Coach like a Pace Horse

Great coaching involves helping people get outside perspective, and this often means changing the pace up for them. Daily life runs its course, and most leaders feel they are sprinting for their lives from sunup to sundown. Often they’ve completely forgotten how to slow down for reflection.

At the end of a horse race, there’s always a pace horse that trots up alongside the racer during cool down. This horse isn’t bred for her ability to sprint, she is there for her ability to calm down the racer. Coming alongside leaders is like that. You have to be conscious that the client is running hard, and help them change their pace so they can catch their breath.

It’s easy for people (those who are a D on the DISC for example) think they need a coach who can sprint just like they can, but that’s not the case. You might find it disconcerting or disruptive to work with a coach for 90 minutes instead of a 15 minute conversation… but exploration doesn’t happen in a linear fashion. If you’re a hard-driving, highly motivated leader, you may want to consider finding a coach who can help you ease off the gas once in a while. You will be surprised at the value that coach can provide!

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Stetson Jeff in Paperback!

Together with my co-author, Justin Fike, I’m proudly announcing the arrival of The Stetson Jeff Adventures, Vol. 1.

This paperback volume includes our first three books: Beatdown in Bangkok, Mayhem in Marrakesh, and Pandemonium in Paradise. We added an exclusive bit, a short story titled “A Very Stetson Christmas” which is unavailable in any of the e-book formats. It’s the perfect ending to a year’s worth of work for good old Stetson Jeff, who has been all over the world in search of justice, a place to sell cowboy hats, and a great steak.

Not sure you want to invest $17 in the entire volume? Why not pick up the first book on Amazon for FREE!? We think you’re going to laugh until… well, until you stop laughing.

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How Honest Abe would have Tweeted

“You can tell the greatness of a man by what makes him angry.” — Abe Lincoln

Abe Lincoln had a practice when he was angry with someone. That practice was to write a letter in the heat of the moment; lay it all out there. Speak his mind. Say what he thinks.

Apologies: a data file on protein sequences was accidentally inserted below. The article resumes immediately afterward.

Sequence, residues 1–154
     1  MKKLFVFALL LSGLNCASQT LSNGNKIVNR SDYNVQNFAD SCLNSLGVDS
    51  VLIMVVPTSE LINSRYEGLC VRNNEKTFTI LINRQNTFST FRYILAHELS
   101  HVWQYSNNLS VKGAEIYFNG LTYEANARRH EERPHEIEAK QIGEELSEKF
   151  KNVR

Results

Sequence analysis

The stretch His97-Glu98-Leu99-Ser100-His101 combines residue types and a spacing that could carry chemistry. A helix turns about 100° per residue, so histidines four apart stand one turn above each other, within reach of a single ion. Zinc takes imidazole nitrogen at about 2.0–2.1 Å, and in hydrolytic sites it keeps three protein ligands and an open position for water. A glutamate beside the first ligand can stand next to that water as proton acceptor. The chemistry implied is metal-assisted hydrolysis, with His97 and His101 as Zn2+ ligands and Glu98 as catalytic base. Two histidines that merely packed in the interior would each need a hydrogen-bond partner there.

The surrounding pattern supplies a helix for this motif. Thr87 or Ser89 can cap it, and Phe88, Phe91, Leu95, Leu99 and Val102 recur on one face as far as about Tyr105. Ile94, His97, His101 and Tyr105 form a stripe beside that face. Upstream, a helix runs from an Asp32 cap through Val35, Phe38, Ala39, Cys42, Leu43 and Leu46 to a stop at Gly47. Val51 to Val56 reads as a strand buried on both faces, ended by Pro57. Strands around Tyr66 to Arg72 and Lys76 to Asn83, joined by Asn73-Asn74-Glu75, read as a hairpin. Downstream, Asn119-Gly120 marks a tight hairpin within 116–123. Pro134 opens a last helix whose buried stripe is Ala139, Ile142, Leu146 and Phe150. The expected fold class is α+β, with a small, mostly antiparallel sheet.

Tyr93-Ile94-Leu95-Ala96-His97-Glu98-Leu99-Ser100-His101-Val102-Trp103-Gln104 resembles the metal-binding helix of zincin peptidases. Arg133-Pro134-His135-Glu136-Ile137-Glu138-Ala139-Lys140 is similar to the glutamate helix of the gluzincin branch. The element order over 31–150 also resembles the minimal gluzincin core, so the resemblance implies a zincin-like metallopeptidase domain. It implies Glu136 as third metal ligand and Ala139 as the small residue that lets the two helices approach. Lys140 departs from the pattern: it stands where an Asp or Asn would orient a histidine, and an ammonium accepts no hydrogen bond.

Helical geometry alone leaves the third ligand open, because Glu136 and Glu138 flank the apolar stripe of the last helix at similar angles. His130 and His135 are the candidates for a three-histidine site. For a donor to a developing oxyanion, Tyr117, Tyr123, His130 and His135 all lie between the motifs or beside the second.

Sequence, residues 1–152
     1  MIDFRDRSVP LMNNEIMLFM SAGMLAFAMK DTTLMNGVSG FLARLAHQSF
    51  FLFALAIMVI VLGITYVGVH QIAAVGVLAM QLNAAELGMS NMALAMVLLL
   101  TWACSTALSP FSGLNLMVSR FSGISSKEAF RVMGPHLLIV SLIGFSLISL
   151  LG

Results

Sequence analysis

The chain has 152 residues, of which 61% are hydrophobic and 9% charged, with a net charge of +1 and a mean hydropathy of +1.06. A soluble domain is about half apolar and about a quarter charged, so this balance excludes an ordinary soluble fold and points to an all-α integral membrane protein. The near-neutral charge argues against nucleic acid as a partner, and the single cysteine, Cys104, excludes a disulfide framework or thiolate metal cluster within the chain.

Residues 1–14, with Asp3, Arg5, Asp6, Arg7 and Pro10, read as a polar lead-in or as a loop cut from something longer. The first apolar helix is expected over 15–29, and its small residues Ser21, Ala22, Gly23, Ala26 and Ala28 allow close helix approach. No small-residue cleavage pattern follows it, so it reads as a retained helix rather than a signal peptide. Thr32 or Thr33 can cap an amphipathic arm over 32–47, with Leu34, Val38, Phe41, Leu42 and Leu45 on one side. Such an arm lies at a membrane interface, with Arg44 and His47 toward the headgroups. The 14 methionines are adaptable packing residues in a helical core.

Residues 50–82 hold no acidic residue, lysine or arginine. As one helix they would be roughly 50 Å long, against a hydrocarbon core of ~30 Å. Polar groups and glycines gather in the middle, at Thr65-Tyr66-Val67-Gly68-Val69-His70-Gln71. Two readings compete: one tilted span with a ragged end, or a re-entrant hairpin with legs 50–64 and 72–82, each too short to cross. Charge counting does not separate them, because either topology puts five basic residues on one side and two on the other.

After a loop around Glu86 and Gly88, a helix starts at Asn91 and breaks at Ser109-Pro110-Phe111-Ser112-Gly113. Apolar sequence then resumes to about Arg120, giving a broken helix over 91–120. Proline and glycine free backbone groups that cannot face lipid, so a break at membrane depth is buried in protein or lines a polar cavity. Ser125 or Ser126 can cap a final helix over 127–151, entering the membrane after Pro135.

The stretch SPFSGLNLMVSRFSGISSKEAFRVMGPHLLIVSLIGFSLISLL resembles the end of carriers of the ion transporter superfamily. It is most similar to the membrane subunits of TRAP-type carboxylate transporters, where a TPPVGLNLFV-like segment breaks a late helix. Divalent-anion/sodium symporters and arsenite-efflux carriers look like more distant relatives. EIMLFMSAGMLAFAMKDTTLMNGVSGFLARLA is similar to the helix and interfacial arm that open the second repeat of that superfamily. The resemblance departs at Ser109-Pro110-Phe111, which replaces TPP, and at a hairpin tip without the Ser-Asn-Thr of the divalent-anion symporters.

Then, he slept on it before sending it.

Then, he didn’t send it. Ever.

I think it’s fair to say that Honest Abe would not have used Twitter much at all. The idea that you can get a message out blah, blah, blah, boom, would not have appealed to him.

If greatness is about what makes you angry (and you do get angry sometimes, if you’re passionate about life, and perhaps even about petty things) then your next best path is to write things down … and leave them out of the public discourse.

Lincoln did become angry. He also dealt with a country that was as divided as it has ever been. For us to reunite our country, we need leaders who don’t Tweet, they shut up. And I’m talking about you, dear reader. Oh, haven’t there been times when you got angry about something and posted about it on social media within the next two minutes? And have you looked back later to see how petty it was? Did you experience the shame you’ve thought others ought to experience? If our President-elect is going to use Twitter the way he has been, then the rest of us who are leaders in this country are going to have to rise above that. How? By not responding in kind. By not Tweeting in anger.

Does this mean we should never speak our minds? To heal the nation, aren’t we going to have to speak, and to take action? Of course we will, we do. That’s what I’m doing now.

I take consolation in the fact that a President is a figurehead – but we don’t have to follow his example. We can take our examples from other Presidents, other leaders. Leaders who didn’t fire off a postcard when they were mad, and send it by the next Pony-Express. Leaders who knew how to say what they thought, on paper, and then keep it to themselves. This will make you a better entrepreneur. A better parent. A better spouse. A better person.